by William Shakespeare
When most I wink, then do mine eyes best see,
For all the day they view things unrespected;
But when I sleep, in dreams they look on thee,
And darkly bright are bright in dark directed.
Then thou, whose shadow shadows doth make bright,
How would thy shadow’s form form happy show
To the clear day with thy much clearer light,
When to unseeing eyes thy shade shines so!
How would, I say, mine eyes be blessed made
By looking on thee in the living day,
When in dead night thy fair imperfect shade
Through heavy sleep on sightless eyes doth stay!
All days are nights to see till I see thee,
And nights bright days when dreams do show thee me.
One of the blessings of writing a blog is the opportunity for connection with people in the world you would never have had the opportunity to cross paths otherwise. Such is how I have come to have a copy of Scott Newstock’s new book How to Think Like Shakespeare. Newstock is is a professor of English and founding director of Pearce Shakespeare Endowment at Rhodes College. Newstock is a follower of Fourteen Lines and graciously sent me an advance copy.
The entire premise of the book is simple; if we could understand how genius arises, deduce where the ability to reshape the world through new ideas gestates, could we be more successful in opening doors into the vast potential of our own minds? Could we reshape education to greater assist the learning of every student’s inner Shakespeare? Hundred’s of years have passed since Shakespeare laid down his pen and yet what do we really know about his creative process? All we have is the evidence of his genius. Isn’t that true of every great writer, innovator, architect, scientist and artist? How much do we really understand where and how inspiration is conjured? It does not come from logic, or a sequence of numbers and equations to be added up, even when the outcome may look somewhat rigid or mathematical as in the form of a sonnet. Great art and science and innovation comes from a place beyond reason to inform and inspire reason. And in that way there are no formulas for learning it, but there are interesting insights to be had to step back and we think about thinking.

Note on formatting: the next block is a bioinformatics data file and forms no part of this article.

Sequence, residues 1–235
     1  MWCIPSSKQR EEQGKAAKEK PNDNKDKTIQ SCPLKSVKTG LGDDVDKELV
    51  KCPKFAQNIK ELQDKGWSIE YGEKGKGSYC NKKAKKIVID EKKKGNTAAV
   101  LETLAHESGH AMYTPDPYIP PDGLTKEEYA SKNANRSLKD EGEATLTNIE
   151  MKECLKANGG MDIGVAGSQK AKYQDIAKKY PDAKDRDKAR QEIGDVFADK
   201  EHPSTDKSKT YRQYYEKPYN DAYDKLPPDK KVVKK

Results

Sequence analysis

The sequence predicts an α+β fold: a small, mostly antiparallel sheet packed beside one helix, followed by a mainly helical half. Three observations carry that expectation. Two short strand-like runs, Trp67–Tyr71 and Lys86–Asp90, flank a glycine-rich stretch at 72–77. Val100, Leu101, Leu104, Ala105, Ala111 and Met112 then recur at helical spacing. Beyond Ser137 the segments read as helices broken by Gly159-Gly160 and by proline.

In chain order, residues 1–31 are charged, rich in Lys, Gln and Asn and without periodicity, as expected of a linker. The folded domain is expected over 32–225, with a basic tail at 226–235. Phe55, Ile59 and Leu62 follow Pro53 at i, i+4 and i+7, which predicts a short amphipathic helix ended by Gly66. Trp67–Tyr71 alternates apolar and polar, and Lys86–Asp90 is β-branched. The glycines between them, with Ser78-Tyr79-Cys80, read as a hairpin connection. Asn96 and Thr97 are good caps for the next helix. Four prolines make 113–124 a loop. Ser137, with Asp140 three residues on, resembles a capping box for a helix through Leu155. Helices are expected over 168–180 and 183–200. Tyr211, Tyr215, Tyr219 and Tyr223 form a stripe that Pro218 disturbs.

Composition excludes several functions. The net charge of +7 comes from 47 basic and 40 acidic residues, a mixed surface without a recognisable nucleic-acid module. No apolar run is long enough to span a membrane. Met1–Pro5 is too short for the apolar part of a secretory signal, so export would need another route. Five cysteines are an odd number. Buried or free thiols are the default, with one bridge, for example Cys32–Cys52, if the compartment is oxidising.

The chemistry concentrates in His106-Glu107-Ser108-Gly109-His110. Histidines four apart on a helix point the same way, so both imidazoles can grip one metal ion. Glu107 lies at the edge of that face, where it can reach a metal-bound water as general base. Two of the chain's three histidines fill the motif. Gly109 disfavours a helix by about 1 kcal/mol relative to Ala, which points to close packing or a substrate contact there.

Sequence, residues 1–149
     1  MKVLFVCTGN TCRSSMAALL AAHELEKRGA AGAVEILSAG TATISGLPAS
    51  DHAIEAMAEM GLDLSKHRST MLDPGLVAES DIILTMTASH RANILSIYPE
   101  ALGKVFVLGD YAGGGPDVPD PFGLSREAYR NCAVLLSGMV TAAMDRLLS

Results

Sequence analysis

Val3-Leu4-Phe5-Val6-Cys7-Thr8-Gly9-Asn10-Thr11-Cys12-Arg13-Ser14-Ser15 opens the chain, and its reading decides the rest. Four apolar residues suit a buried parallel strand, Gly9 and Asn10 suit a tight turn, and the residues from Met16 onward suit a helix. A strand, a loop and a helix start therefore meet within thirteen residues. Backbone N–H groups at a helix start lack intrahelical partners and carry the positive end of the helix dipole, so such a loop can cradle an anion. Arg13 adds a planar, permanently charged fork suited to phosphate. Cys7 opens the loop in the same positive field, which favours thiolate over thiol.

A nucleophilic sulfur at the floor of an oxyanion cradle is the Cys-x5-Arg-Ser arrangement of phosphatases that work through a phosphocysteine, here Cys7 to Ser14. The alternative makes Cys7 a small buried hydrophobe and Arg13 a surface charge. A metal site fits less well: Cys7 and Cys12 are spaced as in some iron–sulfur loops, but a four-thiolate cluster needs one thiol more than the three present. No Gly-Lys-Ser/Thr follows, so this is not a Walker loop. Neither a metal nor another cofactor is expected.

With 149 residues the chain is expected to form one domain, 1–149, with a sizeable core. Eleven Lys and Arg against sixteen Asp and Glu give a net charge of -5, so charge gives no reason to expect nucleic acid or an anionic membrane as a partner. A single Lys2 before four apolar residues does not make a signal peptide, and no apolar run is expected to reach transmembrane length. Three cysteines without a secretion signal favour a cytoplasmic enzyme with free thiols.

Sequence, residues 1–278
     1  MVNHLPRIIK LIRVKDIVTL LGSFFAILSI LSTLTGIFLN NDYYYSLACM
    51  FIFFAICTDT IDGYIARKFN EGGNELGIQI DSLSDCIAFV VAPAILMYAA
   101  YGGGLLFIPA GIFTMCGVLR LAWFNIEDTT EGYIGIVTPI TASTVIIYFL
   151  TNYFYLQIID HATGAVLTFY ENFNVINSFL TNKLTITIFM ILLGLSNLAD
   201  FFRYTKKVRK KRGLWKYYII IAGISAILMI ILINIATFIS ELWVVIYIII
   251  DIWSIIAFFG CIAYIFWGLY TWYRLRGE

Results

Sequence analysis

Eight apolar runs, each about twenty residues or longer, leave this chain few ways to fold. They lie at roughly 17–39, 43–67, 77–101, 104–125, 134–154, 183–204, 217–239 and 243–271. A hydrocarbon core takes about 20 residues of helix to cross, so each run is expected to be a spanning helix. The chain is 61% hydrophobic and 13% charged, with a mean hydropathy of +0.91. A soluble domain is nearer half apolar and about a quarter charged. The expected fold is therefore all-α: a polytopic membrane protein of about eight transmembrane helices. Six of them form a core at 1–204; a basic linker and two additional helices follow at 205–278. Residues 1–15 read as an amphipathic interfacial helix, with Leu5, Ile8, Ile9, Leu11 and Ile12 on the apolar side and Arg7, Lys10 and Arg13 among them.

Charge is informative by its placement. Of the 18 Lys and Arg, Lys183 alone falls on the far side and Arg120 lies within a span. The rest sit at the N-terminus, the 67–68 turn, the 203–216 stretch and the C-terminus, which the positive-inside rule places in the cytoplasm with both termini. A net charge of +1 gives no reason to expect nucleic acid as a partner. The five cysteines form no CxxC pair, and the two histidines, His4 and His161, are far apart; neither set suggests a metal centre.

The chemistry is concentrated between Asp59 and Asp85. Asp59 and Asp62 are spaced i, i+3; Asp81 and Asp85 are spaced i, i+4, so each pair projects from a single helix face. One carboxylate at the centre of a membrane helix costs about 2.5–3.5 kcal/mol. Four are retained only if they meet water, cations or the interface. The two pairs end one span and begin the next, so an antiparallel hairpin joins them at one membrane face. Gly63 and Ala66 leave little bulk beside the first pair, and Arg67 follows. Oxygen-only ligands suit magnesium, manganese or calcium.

Newstock’s book is fourteen chapters on the essence of thinking. It is a playful, quote filled romp into the mind of Shakespeare. It is also an indictment on the failure of outcome based education and a plea to students and educators everywhere to remember one thing; the purpose of education is to learn how to think, not just to learn facts and process. For facts become irrelevant nearly as fast as they are minted.
If you would like a quick primer on some of aspects of the book, check out how Newstock playfully uses the metaphors around sonnet structure to help us look at the world differently. I have provided a link to his recent article below. And if you are a teacher or student and looking for a fun read this summer, check out his new book. I will close with another genius, William Wordsworth, who laid down his own thoughts on how to think like a sonnet, in a sonnet. Enjoy.
Nun’s Fret Not At Their Convent’s Narrow Room
by William Wordsworth
Nuns fret not at their convent’s narrow room;
And hermits are contented with their cells;
And students with their pensive citadels;
Maids at the wheel, the weaver at his loom,
Sit blithe and happy; bees that soar for bloom,
High as the highest Peak of Furness-fells,
Will murmur by the hour in foxglove bells:
In truth the prison, into which we doom
Ourselves, no prison is: and hence for me,
In sundry moods, ’twas pastime to be bound
Within the Sonnet’s scanty plot of ground;
Pleased if some Souls (for such there needs must be)
Who have felt the weight of too much liberty,
Should find brief solace there, as I have found.